This book tells the story of Richard Wilson’s start and many contributions as a dance leader in the country dance community. Included are dances, stories, pictures, and poems, all bringing to life the many ways Richard has touched our lives. If you would like to make a contribution to the book, there are three ways.  (1) Tell us a specific way Richard has enriched the community, and enriched your life and made it more wonderful.  Stories may be written (1-4 pages) or be a short audio recording (4-10 minutes) which we will transcribe and give to you to edit.  (2) Do you have good pictures you’d be willing to share?  We can take physical pictures to scan. With each photo please provide photo credits, location, date, event, and an anecdote for the photo caption.  (3) Who else should I contact who might like to contribute a story? Contact Lauren Lamont for more information, or to provide a contribution. March: There is still time to contribute… Richard Wilson demonstrates an example of his drumming/dancing healing rhythms. Jim Boros has these videos of Richard:
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Contra dance: Left-hand Gypsy

Left-hand Gypsy Erik Erhardt Type: Contra Formation: Duple-Indecent Level: Easy-Int A1 ———– (4) Partner Swat the Flea, (left-hand box-the-gnat) (4) Partner Swat the Flea back (8) Star Left 3/4 with same neighbors (partners on lady’s home side) A2 ———– (8) Partner left-hand gypsy (8) Partner right-shoulder swing B1 ———– (4) Gents forward (4) Gents balance a long wavy line of gents, stay in wavy line (4) Ladies cast over their right shoulder, then forward (to the left of their partner) (4) Ladies balance a long wavy lines of ladies B2 ———– (8) New neighbors, Gypsy star 3/4, Gents drop right back up, Ladies drop left walk forward (8) Neighbor swing (on everyone’s home side) Notes: A2 – Left-hand gypsy (like a right-hand gypsy) has left hand at your waist, palm facing your own hip, and linked with your partner as you gypsy.  Turn this into a swing by pulling the joined left hand into an allemande position, put right hand on partner’s right shoulder, and reverse body momentum to swing in usual direction. Other Notes: The handed-gypsy comes from Richard Wilson’s “Right hand Gypsy”, the sexiest move in contra.  Written for Katherine Sanden.
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Contra dance: Sashay, Sassy Kat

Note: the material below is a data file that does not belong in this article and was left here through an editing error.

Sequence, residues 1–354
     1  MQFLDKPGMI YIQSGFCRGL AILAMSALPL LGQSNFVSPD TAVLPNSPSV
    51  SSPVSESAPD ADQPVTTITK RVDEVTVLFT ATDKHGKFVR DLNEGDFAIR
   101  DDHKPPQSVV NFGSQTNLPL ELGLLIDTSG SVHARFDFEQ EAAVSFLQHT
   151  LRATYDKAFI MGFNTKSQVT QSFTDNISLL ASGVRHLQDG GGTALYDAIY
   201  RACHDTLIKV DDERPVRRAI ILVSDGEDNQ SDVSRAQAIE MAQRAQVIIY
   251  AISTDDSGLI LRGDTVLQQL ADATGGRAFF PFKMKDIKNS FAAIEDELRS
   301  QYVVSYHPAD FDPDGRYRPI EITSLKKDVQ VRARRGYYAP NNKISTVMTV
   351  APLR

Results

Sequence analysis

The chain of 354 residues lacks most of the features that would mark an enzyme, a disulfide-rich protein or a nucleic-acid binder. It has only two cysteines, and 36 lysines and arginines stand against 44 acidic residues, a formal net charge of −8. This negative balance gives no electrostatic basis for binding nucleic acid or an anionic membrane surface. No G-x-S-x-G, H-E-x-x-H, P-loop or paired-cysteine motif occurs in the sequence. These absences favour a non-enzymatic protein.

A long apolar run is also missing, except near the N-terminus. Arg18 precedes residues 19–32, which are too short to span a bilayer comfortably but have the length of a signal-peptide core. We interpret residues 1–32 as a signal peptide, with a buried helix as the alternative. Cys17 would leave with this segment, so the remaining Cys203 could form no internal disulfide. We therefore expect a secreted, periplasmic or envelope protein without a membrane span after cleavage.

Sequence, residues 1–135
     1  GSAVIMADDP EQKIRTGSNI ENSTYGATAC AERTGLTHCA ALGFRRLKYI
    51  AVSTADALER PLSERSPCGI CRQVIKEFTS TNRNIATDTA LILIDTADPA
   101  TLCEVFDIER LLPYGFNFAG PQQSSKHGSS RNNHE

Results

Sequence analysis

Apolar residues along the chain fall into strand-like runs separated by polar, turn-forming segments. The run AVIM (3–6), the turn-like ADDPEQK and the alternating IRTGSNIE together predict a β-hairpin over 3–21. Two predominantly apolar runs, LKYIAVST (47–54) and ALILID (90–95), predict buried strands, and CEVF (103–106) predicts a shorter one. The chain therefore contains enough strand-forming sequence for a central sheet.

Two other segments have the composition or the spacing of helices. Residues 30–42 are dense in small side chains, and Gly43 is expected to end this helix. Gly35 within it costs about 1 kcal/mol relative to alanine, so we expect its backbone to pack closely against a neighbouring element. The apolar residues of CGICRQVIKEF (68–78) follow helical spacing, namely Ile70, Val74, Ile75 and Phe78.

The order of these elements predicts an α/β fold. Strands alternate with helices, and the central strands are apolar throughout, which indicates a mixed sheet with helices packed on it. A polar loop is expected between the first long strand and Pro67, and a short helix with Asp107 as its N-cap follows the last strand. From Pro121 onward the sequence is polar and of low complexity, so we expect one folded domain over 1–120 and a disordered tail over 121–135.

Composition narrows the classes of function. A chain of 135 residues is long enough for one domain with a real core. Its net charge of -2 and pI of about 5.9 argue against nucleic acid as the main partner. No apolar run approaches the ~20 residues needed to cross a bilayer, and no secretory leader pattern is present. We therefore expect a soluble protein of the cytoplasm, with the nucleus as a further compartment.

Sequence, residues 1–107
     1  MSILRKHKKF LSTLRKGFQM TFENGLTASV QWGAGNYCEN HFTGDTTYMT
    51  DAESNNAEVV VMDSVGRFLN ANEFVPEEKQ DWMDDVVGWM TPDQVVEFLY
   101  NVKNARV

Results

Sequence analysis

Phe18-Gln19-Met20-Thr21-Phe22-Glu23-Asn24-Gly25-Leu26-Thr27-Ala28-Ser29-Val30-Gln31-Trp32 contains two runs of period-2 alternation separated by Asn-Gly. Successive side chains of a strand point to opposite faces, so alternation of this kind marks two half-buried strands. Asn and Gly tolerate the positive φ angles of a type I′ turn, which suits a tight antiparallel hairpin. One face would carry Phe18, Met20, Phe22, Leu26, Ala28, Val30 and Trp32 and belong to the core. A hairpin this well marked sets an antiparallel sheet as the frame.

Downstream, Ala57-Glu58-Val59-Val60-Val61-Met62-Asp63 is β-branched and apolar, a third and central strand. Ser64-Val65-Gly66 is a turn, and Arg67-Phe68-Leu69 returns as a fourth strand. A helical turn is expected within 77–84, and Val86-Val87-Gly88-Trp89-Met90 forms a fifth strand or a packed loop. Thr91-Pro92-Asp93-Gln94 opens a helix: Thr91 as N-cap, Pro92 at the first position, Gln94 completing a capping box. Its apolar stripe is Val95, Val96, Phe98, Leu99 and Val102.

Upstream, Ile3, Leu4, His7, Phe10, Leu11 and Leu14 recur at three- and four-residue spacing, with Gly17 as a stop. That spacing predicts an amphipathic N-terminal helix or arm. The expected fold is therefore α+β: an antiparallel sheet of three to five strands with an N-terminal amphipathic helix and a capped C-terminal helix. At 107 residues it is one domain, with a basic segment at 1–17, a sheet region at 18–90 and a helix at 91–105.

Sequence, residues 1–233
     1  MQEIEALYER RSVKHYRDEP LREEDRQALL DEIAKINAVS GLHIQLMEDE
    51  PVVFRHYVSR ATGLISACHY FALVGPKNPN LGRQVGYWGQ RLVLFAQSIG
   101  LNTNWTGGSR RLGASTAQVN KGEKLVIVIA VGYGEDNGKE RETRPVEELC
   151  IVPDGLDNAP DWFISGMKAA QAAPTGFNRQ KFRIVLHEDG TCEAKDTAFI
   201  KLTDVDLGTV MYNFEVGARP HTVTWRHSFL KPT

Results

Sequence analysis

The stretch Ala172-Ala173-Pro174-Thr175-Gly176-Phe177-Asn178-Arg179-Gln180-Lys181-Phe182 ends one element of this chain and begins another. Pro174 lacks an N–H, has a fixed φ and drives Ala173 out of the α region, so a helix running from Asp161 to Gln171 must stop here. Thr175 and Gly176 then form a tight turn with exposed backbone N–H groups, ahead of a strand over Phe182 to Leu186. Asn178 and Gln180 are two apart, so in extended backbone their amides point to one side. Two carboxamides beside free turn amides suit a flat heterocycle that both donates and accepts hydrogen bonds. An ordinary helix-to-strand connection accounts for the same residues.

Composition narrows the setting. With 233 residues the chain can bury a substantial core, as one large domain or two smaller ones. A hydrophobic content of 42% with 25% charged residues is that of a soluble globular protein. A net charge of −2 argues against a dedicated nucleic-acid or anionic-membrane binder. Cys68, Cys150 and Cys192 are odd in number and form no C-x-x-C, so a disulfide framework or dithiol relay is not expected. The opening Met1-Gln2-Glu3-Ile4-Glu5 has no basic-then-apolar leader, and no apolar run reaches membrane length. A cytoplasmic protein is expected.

Written for Katherine Sanden, who wrote me a song.  She likes the traditional “reel” dances that have a couple down the center with all the attention.  I ruin that by having the other folks swing during the sashay down, but redeem myself with the leapfrog move (that Heather Carmichael came up with).  And if you like a hay, there’s two of them! Sashay, Sassy Kat Erik Erhardt Type: Contra Formation: Four Facing Four Level: Int A1 ———– (16) Partner balance and swing, end facing original direction A2 ———– Outsides (16) Corner balance and swing WHILE Insides (4) Corner balance (4) Sashay down 4 slides (4) Leapfrog (tops arch, bottoms dive up through) (4) Sashay up 4 slides to progressed place B1 ———– (8) 1/2 Hey ACROSS the set with 4-some, centers passing right shoulders (8) In groups of 4, circle RIGHT 1X B2 ———– (16) Full Hay UP AND DOWN set with neighbors, Ladies passing left shoulder Notes: A1 – start and end in same place A2 – facing lines of four end progressed up and down set B1 – each line of four has reversed their order across the hall B2 – start and end in same place
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Contra dance: Voyager

Voyager Erik Erhardt Type: Contra Formation: 4-facing-4 Becket-CW Level: Int A1 ———– (8) Right hands-across star (8) Gents drop out, ladies turn 1/2 to chain to partner A2 ———– (16) Grand Hay, ladies start by right shoulders and continue across to neighboring set. B1 ———– (4) Balance the ring (4) Pass through across the set (8) Partner swing (couples are at “home” position in other set) B2 ———– (8) Long lines, forward and back (8) Right hands-across star, gents lead partner up/down set to progress into new star Notes: Start as a 4-facing-4 dance, then in small circles of 4, turn a quarter to left to be in Becket formation.  Your couple and your “same 4-some” couple are in neighboring sets facing in the same direction across the set. A2 – maybe teach grand hay with hands to help clarify where everyone is going. A2 – Couples are in original positions facing in to their own sets.  If you are an “outside” couple, you will end as an outside couple in the neighboring set, same for an “inside” couple.  The hey starts like a normal hay, but instead of turning around on the “inside” side, you keep going weaving all the way over to the other set. Other Notes: Adapted from “Star Trek” by Mike Richardson.